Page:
Why the drop between groups 5 and 6 (N-O and P-S) ? Once again, you
 might expect the ionisation energy of the group 6 element to be higher
 than that of group 5 because of the extra proton. What is offsetting
 it this time? N 1s22s22px12py12pz1 1st I.E. 1400 kJ mol-I 0
 1s22s22px22py12pz1 1st I.E. 1310 kJ mol-I The screening is identical
 (from the 1s2 and, to some extent, from the 2s2 electrons), and the
 electron is being removed from an identical orbital. The difference is
 that in the oxygen case the electron being removed is one of the 2px2
 pair. The electrons in the same orbital means that the electron is
 easier to be. The drop in ionisation energy at sulphur is accounted
 for in the same way.

Question 27

10 Cuvette 1 I —1 cm Microplate (96- or 384-well) 1 10 I is variable
 —5 < mm < —10


Question 30

  • Common Hydgron bonds: H-O, H-N

    Hydrogen bond Water molecule Hydrogen bond ...H-N-H Ammonia molecule

    fluorine oxygen oxygen nitrogen nitrogen sulfur Donors (in an acid)
(in water, or alcohols) Donor strength medium medium weak weak
Acceptoe -o-p,-o-s-, H20, H-o\_c, C=N-C 7t -electrons Acceptor
strength very strong Strong strong medium—strong medium medium
medium—weak weak

Question 38

Because of the incomplete dissociation of the acid, the reaction is
 in equilibrium, with an acid dissociation constant, Ka, which is
 specific to that acid. point are the same. Therefore, at the
 half-equivalence point, the pH is equal to the pKa. Experiment 6
 Titration Il
 Expt6V-Titration2. pdf

25.00 0.100 M equivalence point 1/2 equivalence point 0.100 M NaOH

Question 40

Which of the following best explains why more energy is required for
 the process occurring at 110 K than for the process occurring at 90 K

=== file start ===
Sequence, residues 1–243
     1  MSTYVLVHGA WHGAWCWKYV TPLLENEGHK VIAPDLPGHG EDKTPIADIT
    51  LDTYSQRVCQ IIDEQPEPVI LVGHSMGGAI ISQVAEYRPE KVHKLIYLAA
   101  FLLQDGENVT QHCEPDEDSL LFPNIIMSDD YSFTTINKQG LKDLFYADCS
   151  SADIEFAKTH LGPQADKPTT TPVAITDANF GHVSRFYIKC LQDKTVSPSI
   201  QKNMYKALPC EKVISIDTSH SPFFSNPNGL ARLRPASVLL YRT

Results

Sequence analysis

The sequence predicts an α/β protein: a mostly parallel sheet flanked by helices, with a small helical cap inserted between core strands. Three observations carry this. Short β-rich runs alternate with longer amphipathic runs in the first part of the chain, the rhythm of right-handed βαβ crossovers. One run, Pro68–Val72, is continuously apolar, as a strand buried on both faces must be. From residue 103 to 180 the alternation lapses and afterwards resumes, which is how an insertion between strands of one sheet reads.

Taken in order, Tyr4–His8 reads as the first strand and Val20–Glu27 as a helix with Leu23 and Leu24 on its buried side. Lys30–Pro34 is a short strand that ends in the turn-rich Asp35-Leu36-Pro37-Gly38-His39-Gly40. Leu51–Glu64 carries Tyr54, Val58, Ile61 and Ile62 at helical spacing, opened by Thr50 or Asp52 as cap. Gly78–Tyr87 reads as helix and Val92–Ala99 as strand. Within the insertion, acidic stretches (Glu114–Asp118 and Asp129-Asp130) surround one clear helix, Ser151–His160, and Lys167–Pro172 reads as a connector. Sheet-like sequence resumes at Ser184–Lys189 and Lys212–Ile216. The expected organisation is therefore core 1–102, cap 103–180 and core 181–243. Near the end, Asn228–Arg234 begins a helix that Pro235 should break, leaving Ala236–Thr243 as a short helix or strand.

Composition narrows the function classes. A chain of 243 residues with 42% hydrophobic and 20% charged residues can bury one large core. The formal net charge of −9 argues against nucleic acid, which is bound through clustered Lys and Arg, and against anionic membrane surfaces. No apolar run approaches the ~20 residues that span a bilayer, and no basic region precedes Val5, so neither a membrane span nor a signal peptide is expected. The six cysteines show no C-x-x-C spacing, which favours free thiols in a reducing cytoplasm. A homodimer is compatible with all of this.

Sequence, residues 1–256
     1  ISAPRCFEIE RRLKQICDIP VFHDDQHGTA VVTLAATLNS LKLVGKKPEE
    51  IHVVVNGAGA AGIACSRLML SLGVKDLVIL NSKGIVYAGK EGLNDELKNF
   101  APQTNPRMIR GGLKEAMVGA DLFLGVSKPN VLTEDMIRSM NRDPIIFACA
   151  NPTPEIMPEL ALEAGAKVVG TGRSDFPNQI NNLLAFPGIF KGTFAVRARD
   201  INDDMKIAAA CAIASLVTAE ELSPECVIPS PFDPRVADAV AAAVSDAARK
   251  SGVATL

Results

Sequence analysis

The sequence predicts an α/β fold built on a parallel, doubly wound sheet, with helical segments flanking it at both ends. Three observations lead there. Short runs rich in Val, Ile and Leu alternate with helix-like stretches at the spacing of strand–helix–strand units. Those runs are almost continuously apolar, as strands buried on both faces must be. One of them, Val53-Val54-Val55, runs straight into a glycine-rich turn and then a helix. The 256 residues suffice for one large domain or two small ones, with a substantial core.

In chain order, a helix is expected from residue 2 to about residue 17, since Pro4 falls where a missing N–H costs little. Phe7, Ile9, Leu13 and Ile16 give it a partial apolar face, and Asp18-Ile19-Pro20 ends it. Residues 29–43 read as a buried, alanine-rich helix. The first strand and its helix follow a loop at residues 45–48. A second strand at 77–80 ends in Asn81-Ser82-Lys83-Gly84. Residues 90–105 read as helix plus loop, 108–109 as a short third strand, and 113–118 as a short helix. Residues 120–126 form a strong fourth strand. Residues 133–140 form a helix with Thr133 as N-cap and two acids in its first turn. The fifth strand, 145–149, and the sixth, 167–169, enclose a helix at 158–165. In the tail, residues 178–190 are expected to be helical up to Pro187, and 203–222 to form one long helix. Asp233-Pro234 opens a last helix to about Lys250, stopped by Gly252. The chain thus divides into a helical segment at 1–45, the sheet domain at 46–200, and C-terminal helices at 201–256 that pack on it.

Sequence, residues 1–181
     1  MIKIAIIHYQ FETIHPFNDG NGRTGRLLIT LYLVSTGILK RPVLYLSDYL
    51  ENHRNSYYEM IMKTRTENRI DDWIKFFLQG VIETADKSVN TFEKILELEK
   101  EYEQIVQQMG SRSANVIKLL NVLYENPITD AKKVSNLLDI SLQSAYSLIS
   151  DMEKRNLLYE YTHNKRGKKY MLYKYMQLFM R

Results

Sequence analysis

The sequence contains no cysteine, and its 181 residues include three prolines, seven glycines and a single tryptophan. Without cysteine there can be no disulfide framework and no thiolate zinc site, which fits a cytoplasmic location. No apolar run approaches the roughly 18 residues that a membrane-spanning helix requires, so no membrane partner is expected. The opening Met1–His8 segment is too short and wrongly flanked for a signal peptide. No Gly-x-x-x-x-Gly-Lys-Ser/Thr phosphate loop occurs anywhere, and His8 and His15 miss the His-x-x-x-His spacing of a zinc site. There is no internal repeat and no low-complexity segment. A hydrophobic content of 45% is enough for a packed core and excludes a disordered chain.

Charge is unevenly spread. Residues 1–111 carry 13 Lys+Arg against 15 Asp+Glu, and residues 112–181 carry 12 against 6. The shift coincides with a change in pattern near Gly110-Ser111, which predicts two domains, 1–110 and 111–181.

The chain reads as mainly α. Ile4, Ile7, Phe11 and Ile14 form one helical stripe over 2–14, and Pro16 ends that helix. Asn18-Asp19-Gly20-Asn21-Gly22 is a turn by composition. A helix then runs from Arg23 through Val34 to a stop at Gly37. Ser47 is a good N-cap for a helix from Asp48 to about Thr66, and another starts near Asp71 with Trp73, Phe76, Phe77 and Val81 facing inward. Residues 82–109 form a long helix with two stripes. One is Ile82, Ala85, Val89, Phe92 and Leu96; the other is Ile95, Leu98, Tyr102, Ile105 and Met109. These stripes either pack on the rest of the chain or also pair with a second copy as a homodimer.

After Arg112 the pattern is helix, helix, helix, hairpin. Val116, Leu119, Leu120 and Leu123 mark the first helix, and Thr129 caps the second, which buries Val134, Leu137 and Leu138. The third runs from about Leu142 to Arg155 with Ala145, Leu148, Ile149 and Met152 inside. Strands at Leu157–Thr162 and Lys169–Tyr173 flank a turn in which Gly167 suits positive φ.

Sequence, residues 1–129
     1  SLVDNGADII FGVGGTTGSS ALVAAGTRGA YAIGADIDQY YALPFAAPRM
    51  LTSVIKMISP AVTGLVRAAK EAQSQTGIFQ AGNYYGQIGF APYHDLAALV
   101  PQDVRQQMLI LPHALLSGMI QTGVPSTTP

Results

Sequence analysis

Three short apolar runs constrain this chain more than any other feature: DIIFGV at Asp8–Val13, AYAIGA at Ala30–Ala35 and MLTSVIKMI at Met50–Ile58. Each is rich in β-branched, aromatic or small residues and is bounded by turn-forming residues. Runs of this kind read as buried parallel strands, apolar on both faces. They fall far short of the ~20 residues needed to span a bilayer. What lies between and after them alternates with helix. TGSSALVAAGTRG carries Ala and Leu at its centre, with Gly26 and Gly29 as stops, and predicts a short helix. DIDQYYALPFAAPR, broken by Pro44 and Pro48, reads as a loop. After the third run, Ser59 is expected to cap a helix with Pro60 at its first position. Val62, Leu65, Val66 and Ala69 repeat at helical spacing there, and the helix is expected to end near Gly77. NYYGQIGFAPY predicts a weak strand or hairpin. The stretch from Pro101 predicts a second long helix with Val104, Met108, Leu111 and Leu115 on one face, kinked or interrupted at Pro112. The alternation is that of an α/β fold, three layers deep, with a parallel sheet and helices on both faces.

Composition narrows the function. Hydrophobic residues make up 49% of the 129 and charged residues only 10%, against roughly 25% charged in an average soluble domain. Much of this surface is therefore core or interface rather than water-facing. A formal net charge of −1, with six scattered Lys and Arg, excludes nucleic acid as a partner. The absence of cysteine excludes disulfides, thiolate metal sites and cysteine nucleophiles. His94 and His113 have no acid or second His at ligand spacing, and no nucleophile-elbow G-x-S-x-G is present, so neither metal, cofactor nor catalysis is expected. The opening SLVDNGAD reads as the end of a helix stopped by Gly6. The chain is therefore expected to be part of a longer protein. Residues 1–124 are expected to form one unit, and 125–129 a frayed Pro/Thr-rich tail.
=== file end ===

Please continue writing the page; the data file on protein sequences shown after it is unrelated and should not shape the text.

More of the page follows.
? (A) Intermolecular attractions are completely overcome d va
 rization. (B) Intermolecular attractions in the solid phase are weaker
 than in the liquid phase. (C) Electron clouds of methane molecules are
 less polarizable at lower temperatures. (D) Vaporization involves a
 large increase in temperature.

Question 49

Trend \#2 — For molecules with a given functional group, boiling
 point increases with molecular weight. Look at the dramatic increases
 in boi ing points as you increase molecular weight in all of these
 series: In a given series, boiling point increases with molecular
 weight. Why? Boiling point -42 oc ALCOHOLS HO Boiling point CIDS
 Boiling point Boiling oint 97 ac 141 oc -24 oc HO 117 oc Ha 164 oc 35
 ac 36 •c HO 138 oc Ha 186 oc 89 ac 69 •c 158 oc Ha 202 oc Increasing
 surface area gives rise to increased Van Der Waals interactions Here's
 the question: How, exactly do intermolecular forces increase as
 molecular weight increases? Well, the key force that is acting here
 are Van der Waals dispersion forces, which are proportional to surface
 area. So as you increase the length of the chain, you also increase
 the surface area, which means that you increase the ability of
 individual molecules to attract each other.